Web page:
NICAB

NICAB Resources

Introduction and background to the bureaux

Citizens Advice is the largest advice charity in Northern Ireland, working against poverty and meeting the information and advice needs of some 92,000 people per year and dealing with over 320,000 issues across a wide range of advice categories. Advice is available to all communities from 31 main offices across Northern Ireland and from over 100 other outlets. We also represent the public at some 1800 social security appeal tribunals a year.

The approach you adopted to mainstreaming race discrimination advice and why.

The rural bureaux who submitted expressions of interest in participating in this project were: North Down, Newtownards, Craigavon, Newry, Fermanagh & the L/Derry hinterland. The bureaux raised repeated concerns about the potential efficacy of outreach where information resources were so limited (due to a small budget for translation). It was proposed that we needed to access additional resources to supplement this before rolling out the advice/information workshops.

The funding was very useful in supplementing or leveraging resources from other projects and we developed a successful rural discrimination training programme in partnership with the Equality Commission.  This also allowed us to free some resources to increase the amount of information we could translate.

Participating bureaux nominated topics & key languages creating a resource of posters saying, “Hate Crime: CAB can help” & a range of leaflets on: Maternity Rights at Work, Sickness Benefits, Statutory Employment Rights, Tax Credits, Workers Registration Scheme. These are available for download from our web site and bureau England & Wales have printed the posters to distribute to their network of over 300 bureaux.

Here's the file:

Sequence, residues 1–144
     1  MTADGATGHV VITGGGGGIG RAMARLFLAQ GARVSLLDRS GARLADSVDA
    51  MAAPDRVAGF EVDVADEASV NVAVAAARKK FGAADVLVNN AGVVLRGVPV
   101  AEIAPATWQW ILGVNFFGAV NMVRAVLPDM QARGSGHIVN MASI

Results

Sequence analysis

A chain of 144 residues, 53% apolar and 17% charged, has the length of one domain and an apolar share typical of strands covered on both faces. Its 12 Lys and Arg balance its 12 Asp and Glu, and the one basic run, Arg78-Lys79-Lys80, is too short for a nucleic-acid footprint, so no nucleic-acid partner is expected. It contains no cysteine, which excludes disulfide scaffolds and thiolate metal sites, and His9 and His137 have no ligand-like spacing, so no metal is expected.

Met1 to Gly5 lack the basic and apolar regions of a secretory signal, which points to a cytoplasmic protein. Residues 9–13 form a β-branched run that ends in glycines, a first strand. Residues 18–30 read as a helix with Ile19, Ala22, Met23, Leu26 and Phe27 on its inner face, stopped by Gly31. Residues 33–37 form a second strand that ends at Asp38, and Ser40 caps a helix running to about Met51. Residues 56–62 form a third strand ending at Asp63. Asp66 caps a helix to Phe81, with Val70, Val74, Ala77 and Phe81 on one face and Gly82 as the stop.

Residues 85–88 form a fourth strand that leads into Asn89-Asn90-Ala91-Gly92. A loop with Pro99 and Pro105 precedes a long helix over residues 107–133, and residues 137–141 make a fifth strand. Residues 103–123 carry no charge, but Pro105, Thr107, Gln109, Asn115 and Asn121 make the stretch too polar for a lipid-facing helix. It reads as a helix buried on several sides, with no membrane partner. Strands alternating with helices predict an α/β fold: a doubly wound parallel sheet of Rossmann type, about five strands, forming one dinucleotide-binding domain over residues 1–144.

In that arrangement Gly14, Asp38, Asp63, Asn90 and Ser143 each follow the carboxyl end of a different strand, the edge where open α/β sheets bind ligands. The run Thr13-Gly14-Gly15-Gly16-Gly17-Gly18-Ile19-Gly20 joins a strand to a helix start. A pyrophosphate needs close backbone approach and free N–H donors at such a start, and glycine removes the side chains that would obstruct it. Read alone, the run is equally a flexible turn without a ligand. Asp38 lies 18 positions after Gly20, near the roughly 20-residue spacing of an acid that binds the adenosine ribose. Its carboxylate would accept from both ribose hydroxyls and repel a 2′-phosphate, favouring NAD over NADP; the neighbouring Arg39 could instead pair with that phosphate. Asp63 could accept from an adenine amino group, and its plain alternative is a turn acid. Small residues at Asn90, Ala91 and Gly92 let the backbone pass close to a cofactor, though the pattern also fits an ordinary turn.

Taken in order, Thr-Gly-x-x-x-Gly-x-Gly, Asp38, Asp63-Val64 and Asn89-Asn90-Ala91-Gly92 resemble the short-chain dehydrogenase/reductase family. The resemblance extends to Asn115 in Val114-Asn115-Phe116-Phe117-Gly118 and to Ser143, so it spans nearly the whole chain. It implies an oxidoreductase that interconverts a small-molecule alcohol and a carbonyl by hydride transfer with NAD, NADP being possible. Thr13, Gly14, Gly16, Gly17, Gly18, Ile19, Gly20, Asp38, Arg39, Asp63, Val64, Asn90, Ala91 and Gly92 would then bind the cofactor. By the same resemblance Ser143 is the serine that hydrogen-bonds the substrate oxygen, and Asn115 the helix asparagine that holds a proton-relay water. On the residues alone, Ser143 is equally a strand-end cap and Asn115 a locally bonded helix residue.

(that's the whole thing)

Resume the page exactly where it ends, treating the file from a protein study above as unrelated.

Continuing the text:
What difference has the project made

The delayed start of our project due to staffing transitions has impacted on our ability to evaluate the efficacy of the project. We are just beginning to see benefits. Download statistics from the web site are high & there were large numbers for the outreach days, who eagerly lifted all the printed materials.

What is the role of community development in the project?

Although our project was different, in that it was a regional one, rather than an individual bureau, we took very much a community development approach. bureaux throughout the network were asked for expressions of interest, emphasizing the benefits of participation:

We have a small amount of funding for training, information sessions, translation services & publicity materials for working with migrant workers & clients of minority ethnic origin in rural areas.

These come as a package (which participating Bureaux need to sign up to) of:

Training

A short two day course:

  • Day One: Introductory training: increasing accessibility & awareness
  • Day Two: Level 2 training in supporting clients dealing with harassment & discrimination

Information sessions for migrant workers & clients of minority ethnic origin in rural areas

  • Information on employment, social security, housing, consumer issues, rights & entitlements delivered by rural bureaux as outreach with support from Regional Office

Translation services

Posters & Leaflets

  • Advertising services bureaux can provide to migrant workers & clients of minority ethnic origin in rural areas.
  • Providing information on employment, social security, housing, consumer issues, rights & entitlements

The invitation asked people to contact the Training Manager (who co-ordinated the beginning of the project until the Training Officer arrived in February 2009) for further information or to fill in a brief expression of interest sheet: